PHOTO: Matt Barnum
U.S. Education Secretary Betsy DeVos at Providence Cristo Rey in Indianapolis.

Betsy DeVos drew incredulous reactions this week when she said she would let states decide on the rules for voucher programs vying for federal money — including whether schools that discriminate against LGBT students could participate.

But the education secretary’s position isn’t out of the mainstream among voucher supporters, or out of step with how private school choice programs work across the country.

For instance, Robert Enlow of the Indianapolis-based EdChoice, a group that advocates for vouchers, emphasized that his group does not support discrimination but declined to take a position on whether private schools that receive public funds should be prohibited from discriminating based on sexual orientation.

“As an organization we are working [toward] our position” on that issue, he told Chalkbeat, the day before DeVos’s comments to Congress. “It is something we are concerned about and that we need to confront head on, but we don’t have a position yet.”

That stance is also reflected in model private school choice legislation from the American Federation for Children, the advocacy group that DeVos used to lead. It says only that schools should comply with federal discrimination law, and does not include rules regarding sexual orientation. A spokesperson for the group did not immediately respond to a request for comment.

Voucher programs give families public funds to pay private school tuition. The vast majority of private schools in the country are religious; in Indiana there are just seven non-religious private schools participating in the state’s voucher program, compared to nearly 300 Christian schools.

Federal law bans discrimination based on “race, color, or creed” in private schools that receive tax exemptions but is silent on the issue of sexual orientation. According to a 2016 study, no school voucher program in the country includes such protections, meaning that students or families who elect to participate may have no legal recourse if they face discrimination based on sexual orientation.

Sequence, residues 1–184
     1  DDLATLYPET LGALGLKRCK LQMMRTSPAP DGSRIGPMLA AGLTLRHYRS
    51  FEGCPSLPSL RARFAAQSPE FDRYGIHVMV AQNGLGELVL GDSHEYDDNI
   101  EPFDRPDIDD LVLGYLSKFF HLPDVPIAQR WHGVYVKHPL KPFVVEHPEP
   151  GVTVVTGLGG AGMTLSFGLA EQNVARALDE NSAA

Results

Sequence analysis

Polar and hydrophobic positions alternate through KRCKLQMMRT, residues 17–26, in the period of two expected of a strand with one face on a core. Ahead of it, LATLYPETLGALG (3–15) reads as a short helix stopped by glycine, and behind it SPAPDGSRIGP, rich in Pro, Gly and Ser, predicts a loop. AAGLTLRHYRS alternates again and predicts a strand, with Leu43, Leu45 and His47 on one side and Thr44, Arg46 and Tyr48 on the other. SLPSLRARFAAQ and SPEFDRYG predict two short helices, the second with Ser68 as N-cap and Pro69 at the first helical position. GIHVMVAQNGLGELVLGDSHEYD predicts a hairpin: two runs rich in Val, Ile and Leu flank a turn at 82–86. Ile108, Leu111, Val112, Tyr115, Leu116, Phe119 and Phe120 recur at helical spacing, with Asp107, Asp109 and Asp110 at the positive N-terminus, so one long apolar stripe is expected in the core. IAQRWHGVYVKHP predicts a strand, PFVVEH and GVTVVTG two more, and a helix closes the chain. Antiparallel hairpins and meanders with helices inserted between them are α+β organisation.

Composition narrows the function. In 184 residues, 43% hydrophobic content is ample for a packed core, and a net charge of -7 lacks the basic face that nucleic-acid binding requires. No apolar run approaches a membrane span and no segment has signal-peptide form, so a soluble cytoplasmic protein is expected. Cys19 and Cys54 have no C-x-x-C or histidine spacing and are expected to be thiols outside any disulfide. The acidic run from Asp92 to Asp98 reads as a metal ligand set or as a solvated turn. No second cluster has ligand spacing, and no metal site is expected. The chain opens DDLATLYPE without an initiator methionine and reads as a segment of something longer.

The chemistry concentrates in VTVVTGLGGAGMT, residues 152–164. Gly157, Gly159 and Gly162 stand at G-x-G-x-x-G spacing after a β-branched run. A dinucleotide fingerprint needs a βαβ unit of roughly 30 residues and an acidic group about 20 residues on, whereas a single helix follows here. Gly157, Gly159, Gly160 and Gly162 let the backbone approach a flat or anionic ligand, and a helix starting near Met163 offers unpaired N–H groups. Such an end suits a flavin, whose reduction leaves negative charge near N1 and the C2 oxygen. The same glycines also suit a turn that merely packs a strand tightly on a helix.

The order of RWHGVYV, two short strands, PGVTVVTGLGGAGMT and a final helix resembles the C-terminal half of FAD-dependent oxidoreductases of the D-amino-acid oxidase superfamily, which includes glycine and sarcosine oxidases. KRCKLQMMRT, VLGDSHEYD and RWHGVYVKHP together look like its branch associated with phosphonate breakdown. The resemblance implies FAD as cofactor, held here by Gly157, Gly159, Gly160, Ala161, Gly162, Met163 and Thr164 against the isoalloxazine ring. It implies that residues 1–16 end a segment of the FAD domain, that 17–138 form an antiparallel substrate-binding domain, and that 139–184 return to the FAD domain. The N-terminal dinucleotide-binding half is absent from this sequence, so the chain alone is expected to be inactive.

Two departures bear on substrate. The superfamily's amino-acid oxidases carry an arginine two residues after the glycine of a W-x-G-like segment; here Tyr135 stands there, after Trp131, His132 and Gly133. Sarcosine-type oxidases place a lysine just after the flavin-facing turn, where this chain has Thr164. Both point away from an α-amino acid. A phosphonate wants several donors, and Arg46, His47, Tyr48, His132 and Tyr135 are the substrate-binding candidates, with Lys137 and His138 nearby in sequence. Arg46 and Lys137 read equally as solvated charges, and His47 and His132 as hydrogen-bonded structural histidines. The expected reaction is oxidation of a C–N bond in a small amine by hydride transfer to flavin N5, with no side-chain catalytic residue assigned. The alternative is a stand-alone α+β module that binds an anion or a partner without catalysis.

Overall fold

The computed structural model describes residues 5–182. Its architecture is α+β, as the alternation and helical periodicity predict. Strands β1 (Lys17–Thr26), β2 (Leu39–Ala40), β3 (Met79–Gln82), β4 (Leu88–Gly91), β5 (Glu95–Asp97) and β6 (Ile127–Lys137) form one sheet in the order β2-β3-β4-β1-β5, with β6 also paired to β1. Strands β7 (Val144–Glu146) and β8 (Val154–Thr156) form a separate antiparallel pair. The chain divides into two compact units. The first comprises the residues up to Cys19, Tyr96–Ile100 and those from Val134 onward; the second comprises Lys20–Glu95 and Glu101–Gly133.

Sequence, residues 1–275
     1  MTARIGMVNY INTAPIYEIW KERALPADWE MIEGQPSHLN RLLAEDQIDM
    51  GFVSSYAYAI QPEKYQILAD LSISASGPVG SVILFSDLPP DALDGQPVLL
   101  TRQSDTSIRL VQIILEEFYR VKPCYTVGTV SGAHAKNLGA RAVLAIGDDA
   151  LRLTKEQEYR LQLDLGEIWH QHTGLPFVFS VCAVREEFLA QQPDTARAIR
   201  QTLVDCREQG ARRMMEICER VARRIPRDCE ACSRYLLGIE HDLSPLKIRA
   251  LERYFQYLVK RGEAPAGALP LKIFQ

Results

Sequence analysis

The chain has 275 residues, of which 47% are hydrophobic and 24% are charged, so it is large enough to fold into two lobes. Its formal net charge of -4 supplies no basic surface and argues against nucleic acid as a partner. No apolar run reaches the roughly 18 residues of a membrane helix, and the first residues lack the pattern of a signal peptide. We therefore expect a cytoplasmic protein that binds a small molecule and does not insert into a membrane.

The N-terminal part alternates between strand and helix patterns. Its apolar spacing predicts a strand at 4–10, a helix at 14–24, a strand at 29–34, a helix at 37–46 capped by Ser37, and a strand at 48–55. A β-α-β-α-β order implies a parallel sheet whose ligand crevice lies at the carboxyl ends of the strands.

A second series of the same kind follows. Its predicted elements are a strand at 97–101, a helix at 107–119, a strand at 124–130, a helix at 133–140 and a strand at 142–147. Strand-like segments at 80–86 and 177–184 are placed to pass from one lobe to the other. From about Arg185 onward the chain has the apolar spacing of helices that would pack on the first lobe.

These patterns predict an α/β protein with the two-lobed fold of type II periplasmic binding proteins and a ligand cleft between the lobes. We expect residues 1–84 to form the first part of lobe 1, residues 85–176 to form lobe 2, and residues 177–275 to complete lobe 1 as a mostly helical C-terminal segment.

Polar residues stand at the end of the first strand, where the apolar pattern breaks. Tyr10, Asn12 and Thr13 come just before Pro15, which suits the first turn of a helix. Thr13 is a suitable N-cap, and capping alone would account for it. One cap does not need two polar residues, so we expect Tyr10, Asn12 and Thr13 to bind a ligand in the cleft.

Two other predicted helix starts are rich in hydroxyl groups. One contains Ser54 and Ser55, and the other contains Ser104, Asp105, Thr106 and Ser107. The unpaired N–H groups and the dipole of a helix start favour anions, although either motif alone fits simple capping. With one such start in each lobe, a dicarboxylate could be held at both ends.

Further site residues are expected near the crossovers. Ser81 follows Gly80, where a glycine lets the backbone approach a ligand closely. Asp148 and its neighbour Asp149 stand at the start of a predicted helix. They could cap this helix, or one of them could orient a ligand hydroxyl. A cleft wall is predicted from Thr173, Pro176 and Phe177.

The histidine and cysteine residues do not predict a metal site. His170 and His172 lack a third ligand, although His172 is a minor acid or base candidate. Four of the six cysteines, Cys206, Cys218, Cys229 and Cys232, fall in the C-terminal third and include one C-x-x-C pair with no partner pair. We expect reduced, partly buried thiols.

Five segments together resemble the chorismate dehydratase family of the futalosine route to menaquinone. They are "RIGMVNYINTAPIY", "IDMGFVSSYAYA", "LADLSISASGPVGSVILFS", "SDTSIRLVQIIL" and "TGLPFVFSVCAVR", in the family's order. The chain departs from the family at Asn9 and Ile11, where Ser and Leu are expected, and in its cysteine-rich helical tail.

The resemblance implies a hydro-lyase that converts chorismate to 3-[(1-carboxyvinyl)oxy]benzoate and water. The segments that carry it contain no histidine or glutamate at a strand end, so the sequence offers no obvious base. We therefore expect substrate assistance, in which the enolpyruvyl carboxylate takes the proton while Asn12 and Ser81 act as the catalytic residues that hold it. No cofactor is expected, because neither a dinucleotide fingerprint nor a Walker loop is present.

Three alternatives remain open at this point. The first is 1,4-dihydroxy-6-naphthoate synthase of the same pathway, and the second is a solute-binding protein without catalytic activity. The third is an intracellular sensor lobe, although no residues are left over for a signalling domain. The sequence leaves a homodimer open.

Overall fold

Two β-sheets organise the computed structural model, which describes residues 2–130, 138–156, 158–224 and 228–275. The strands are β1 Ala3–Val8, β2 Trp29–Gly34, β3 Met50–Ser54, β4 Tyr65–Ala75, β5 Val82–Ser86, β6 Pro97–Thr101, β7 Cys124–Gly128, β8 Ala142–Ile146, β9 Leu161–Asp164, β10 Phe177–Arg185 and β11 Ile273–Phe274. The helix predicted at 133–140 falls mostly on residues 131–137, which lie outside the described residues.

And a number of schools that are part of publicly funded private school choice programs in Indiana, North Carolina, and Georgia — initiatives backed by national school choice groups — include explicitly anti-gay language.

Blackhawk Christian School in Fort Wayne, Indiana, says in its handbook that it may refuse admission or expel a student for “practicing homosexual lifestyle or alternative gender identity, promoting such practices, or otherwise having the inability to support the moral principles of the school.”

Another Indiana school highlights differences between public schools and private Christian schools on its website, including that while teachers in public schools “may be straight or gay,” those in private schools are “committed believers seeking to model Christ before their students.” Both schools participate in Indiana’s school voucher program.

Choice programs differ. Some, like Washington, D.C.’s federally backed initiative, prohibit discrimination based on religion or gender, while other don’t. Attempts to ban discrimination based on sexual orientation in D.C.’s program have been voted down by Republicans in Congress.

Public schools are not free from discrimination, according to survey data compiled by GLSEN, a group that pushes for fair treatment of LGBT students in school. According to the survey, LGBT students reported experiencing more discrimination in private religious schools as compared to public schools — but were less likely to experience verbal or physical harassment in private schools.

Supporters of school choice worry that banning discrimination would stop some private schools from participating in voucher programs and prevent them from practicing their religion.

“If you support private school choice, then you have to be comfortable with allowing private schools to remain private,” Michael Petrilli of the conservative Fordham Institute said earlier this year. “One part of that is allowing them to be religious, to have a set of values they believe in, and to have an admissions process to make sure kids are a good fit for their program.”

Enlow pointed to research compiled by EdChoice that private schools instill a greater sense of tolerance and civic virtue than public schools.

Enlow suggested that questions of discrimination can be addressed locally. “We believe that families and schools working together can solve this,” he said.

School choices

School choice supporters downplay new voucher research, saying schools are more than a test score